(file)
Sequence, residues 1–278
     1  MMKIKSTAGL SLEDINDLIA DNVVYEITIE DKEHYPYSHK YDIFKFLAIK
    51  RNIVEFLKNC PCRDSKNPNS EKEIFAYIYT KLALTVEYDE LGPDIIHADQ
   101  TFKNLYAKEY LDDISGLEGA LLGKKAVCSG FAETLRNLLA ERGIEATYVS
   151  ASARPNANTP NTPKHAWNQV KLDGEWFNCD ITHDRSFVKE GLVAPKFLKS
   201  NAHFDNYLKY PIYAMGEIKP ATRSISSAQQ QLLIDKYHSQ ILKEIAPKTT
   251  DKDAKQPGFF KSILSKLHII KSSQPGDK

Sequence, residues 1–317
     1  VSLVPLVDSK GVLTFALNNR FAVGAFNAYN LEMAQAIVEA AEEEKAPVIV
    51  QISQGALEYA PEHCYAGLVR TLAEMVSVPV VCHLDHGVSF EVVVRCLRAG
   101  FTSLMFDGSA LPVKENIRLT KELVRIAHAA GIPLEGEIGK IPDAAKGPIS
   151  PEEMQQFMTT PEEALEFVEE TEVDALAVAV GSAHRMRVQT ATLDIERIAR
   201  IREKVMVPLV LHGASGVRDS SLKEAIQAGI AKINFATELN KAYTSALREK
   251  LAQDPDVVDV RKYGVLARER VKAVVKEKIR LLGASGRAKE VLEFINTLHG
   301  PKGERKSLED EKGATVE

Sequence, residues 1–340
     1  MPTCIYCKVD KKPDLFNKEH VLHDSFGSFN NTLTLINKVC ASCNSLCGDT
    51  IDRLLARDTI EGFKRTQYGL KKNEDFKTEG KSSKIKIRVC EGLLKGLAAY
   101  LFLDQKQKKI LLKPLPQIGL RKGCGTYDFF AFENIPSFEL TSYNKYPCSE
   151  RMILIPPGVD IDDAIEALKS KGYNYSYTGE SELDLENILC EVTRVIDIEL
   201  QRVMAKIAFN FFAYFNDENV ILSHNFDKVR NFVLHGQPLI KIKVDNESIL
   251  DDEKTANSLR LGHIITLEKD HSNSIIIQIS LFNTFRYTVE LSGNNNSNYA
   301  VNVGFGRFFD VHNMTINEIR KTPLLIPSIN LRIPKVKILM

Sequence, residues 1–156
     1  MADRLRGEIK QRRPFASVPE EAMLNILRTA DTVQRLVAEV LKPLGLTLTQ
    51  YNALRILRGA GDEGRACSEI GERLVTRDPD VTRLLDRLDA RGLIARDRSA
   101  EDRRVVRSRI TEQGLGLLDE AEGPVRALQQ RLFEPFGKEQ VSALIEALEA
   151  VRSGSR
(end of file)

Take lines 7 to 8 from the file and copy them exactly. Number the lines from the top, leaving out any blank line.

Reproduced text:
   251  DKDAKQPGFF KSILSKLHII KSSQPGDK

Sequence, residues 1–317